April 2016, Piccadilly Press, 272 pages, Paperback, Review copy
Summary from Piccadilly Press
Woody wants to get un-weird – and fast! And he’ll find help in the most unlikely of places.
Woody is forever worried about being different. He thinks himself weird and a bit of a wuss, and two bullies Della and Casey make sure he doesn’t forget that. It doesn’t help that his mum is slightly bonkers. She dresses up as a sheep for a living – mostly for her job as a children’s entertainer. And not to mention the fact that she forces Woody to wear old granny jumpers that she finds down the local charity shop. Gooner the dog doesn’t help either, always getting Woody in some awkward, smelly and rather messy situations!
But Woody’s got a plan to get unweird – and fast! Just in time for his first day at secondary school. He starts off with some rules . . . ‘Don’t listen to Mum about anything to do with your life, ever’. . .and. . .‘don’t wear old lady clothes’. And with the help of his way more normal, yet rather extravagant GlamMa and the discovery of his Dad’s peculiar lucky charm, he soon finds a new sense of charm, un-weirdness and a heap load of shenanigans come his way!
Warning: this review involves total fangirl bias because I love Dawn's other work, and happily loved William as soon as I met him. His family is not the so called norm of 2.5 children. It's him with a super hippy mother who can't even entertain the idea that he may have personal preferences over what style clothes he wears and what he eats, and her partner who William dislikes. And Gooner, who is a loveable and despicable at the same time!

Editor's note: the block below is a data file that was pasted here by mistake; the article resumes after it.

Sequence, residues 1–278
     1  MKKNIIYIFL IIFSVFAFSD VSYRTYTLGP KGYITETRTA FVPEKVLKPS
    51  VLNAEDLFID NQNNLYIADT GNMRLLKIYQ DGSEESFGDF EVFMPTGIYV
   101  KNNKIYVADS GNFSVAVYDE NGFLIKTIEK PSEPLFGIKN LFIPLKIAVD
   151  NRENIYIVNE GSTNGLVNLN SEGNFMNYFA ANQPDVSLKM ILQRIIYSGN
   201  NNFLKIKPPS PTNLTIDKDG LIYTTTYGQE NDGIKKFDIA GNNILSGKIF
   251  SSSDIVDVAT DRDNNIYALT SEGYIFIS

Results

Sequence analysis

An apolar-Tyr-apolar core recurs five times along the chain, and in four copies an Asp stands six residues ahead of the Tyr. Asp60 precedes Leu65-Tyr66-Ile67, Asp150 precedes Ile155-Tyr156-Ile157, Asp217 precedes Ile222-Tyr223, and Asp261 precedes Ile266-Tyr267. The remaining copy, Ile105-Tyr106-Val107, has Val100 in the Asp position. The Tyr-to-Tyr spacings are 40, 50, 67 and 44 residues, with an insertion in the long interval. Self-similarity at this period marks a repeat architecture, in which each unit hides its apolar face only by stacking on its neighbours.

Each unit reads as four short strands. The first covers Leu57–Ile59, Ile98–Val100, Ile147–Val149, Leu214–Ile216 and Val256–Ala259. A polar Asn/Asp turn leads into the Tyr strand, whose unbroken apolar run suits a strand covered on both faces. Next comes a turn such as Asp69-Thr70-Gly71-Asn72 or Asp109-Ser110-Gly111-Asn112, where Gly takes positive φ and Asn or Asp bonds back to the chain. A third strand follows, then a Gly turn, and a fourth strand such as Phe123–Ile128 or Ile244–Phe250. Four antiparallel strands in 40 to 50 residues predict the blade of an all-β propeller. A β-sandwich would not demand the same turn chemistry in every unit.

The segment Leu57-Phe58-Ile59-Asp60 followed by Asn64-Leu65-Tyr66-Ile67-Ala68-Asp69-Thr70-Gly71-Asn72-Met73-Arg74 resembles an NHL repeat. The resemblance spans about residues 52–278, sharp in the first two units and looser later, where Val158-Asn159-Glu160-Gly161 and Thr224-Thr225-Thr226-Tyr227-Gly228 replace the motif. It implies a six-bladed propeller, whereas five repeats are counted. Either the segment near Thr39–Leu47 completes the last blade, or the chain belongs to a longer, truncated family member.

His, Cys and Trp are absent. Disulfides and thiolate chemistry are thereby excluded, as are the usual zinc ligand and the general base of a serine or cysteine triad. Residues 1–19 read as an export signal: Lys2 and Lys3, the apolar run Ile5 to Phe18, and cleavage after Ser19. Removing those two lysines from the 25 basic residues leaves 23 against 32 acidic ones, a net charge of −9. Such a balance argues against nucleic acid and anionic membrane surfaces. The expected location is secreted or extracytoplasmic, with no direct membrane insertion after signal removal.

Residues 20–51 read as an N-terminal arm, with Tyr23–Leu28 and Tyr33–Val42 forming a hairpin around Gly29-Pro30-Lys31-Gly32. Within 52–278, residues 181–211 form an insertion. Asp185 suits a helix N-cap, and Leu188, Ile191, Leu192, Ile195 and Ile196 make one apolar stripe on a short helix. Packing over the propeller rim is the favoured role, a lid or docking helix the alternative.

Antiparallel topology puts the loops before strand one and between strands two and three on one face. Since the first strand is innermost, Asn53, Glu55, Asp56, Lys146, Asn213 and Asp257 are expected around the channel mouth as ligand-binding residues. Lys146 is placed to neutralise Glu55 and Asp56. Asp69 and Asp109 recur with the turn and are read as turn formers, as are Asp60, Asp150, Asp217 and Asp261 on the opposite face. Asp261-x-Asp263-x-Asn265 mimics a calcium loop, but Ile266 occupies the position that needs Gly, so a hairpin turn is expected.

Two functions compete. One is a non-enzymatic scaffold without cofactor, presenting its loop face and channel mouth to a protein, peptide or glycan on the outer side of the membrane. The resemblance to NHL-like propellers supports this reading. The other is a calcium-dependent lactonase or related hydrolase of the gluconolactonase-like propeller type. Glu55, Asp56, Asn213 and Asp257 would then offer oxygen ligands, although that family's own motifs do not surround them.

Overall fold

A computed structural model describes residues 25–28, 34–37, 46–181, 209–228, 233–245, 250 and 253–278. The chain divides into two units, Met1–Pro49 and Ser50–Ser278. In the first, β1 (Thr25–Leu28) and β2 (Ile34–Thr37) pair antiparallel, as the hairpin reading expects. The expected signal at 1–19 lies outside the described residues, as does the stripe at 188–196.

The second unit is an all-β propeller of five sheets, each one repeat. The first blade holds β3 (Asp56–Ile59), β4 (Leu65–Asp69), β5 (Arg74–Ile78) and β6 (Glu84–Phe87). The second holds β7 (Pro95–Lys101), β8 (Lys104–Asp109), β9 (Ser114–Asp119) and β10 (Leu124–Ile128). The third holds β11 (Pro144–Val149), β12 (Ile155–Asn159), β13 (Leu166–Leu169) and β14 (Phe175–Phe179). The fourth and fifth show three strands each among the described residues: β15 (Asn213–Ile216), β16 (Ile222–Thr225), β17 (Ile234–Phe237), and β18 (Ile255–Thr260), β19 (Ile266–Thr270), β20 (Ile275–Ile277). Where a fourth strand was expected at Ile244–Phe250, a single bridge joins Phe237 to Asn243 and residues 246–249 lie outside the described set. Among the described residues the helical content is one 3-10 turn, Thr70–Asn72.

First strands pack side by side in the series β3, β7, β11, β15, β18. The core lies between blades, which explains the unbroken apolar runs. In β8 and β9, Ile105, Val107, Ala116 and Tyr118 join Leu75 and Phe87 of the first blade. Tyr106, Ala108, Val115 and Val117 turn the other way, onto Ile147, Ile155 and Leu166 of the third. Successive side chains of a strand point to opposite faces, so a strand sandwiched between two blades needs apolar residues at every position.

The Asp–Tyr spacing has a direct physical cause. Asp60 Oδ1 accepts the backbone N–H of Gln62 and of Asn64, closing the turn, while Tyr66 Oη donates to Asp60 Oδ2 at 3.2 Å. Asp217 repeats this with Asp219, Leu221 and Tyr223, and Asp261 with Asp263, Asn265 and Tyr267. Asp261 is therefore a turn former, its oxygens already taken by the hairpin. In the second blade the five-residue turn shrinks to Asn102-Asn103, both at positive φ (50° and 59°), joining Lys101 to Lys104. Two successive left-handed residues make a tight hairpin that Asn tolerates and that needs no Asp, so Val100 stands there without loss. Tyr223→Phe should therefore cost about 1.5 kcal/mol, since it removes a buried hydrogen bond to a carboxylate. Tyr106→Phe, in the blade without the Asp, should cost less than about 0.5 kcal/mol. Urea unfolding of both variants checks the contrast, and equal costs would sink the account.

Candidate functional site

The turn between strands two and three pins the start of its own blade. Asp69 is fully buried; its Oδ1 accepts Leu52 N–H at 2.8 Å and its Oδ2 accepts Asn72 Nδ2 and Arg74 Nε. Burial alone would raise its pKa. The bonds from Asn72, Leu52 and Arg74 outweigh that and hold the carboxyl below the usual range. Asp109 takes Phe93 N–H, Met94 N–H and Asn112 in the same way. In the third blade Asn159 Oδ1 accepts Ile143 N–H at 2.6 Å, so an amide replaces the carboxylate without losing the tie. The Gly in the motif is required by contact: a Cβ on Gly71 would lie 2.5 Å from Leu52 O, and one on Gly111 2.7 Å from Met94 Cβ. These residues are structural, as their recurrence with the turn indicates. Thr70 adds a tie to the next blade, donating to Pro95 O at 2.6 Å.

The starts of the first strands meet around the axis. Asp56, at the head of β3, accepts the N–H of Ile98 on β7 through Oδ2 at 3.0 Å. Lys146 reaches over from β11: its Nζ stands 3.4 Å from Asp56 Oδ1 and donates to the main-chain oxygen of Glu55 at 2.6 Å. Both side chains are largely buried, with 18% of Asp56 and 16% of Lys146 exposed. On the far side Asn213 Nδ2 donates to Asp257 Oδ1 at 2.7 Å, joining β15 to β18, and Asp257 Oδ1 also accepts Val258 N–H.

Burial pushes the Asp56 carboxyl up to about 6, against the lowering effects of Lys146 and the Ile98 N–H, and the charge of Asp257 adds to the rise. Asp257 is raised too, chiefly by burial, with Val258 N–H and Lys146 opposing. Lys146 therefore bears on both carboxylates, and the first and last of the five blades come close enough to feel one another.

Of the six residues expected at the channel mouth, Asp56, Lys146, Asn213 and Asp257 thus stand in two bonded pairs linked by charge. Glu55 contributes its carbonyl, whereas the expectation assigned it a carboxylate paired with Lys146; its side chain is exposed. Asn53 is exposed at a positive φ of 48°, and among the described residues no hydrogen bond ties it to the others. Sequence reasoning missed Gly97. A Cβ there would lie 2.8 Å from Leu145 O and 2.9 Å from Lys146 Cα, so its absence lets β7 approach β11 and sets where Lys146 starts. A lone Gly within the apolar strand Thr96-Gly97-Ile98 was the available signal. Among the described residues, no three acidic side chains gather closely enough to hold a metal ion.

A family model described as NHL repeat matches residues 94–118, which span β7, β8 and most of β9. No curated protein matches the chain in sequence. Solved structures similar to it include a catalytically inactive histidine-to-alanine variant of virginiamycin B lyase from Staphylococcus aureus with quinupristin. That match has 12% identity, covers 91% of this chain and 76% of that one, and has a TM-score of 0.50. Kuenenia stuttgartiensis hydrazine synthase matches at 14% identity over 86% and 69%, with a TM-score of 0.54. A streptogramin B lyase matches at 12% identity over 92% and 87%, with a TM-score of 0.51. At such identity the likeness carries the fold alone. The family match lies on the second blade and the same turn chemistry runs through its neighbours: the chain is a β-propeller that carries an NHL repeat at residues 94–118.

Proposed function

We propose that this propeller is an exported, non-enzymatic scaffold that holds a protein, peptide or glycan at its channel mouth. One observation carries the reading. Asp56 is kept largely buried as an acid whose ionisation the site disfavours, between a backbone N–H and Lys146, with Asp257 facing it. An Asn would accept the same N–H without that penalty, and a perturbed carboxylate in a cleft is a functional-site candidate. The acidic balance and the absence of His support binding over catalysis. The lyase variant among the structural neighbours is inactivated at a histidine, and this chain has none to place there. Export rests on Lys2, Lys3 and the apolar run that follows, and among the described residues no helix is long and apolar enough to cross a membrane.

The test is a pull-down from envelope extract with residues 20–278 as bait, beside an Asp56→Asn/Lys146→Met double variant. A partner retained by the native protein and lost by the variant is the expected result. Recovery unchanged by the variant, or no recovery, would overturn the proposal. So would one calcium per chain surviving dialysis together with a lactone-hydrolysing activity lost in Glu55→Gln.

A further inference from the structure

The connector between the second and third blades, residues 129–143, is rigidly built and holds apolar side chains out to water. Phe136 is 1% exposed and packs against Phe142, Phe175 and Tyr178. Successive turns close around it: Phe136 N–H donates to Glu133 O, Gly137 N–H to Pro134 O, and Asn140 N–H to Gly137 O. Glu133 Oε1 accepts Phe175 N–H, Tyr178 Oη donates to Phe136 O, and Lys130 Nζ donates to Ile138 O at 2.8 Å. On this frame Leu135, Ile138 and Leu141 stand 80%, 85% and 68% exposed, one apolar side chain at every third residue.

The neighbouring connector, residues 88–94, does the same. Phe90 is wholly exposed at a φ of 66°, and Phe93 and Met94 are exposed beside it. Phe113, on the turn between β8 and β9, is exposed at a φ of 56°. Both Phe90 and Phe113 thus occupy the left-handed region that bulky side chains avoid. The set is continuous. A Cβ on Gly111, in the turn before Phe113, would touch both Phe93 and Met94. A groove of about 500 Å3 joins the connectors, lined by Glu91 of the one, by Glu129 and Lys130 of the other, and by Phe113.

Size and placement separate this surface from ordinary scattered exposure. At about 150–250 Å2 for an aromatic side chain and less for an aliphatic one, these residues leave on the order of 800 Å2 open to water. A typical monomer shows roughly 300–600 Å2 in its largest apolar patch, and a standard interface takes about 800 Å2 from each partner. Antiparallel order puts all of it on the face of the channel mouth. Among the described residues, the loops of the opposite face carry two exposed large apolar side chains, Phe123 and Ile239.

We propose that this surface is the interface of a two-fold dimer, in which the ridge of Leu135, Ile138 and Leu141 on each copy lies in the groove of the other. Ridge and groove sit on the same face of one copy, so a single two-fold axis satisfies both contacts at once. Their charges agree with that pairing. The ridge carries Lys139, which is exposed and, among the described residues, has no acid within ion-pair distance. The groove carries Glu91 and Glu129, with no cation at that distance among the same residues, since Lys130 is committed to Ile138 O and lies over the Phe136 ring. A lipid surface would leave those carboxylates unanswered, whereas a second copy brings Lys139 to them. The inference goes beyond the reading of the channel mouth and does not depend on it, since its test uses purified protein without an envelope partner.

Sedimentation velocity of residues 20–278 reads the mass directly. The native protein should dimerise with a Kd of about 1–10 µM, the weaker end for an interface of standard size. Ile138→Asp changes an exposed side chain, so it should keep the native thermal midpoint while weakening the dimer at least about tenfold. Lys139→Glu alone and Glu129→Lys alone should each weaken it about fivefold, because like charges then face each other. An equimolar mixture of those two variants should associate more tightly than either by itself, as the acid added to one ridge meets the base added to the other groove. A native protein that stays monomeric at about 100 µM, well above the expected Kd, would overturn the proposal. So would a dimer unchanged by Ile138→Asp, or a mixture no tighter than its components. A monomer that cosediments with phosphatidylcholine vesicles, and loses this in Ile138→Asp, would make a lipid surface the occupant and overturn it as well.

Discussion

New school means a new William-notice how I don't call him by his 'name' of Woody? William makes changes despite the universe at times being a bit against him. He places all his faith in a momento from his father, and has no idea that it is worthless and he already had the inner confidence to change himself, he just needed to lure it out. He thinks he needs to separate himself from his previous friends (kind of) but he learns that doesn't work, and he can evolve at the same time as keeping them.
There are plenty of mishaps which at the time William thinks will ruin his reputation, but the opposite happens. I was thrilled when he was able to feel 'normal' thanks to his new grandmother, her going overboard helps him out more than she will ever know. I doubt there's anyone who can't relate to wanting to change at least a part of themselves, which means it's a perfect read for everyone, cringe moments and all. Another rereadable story from Dawn! (Still hoping the next one is with a girl protagonist though!)
Find out more on Dawn's website.
Another great read from Dawn is Worry Magic by Dawn McNiff (Children's, 9 years +, 10E/10E, short 'n' sweet review)
and my favourite from Dawn is Little Celeste by Dawn McNiff (Children's, 9 years +, 10E/10E)
|Absolutely adore the covers for both of these books!|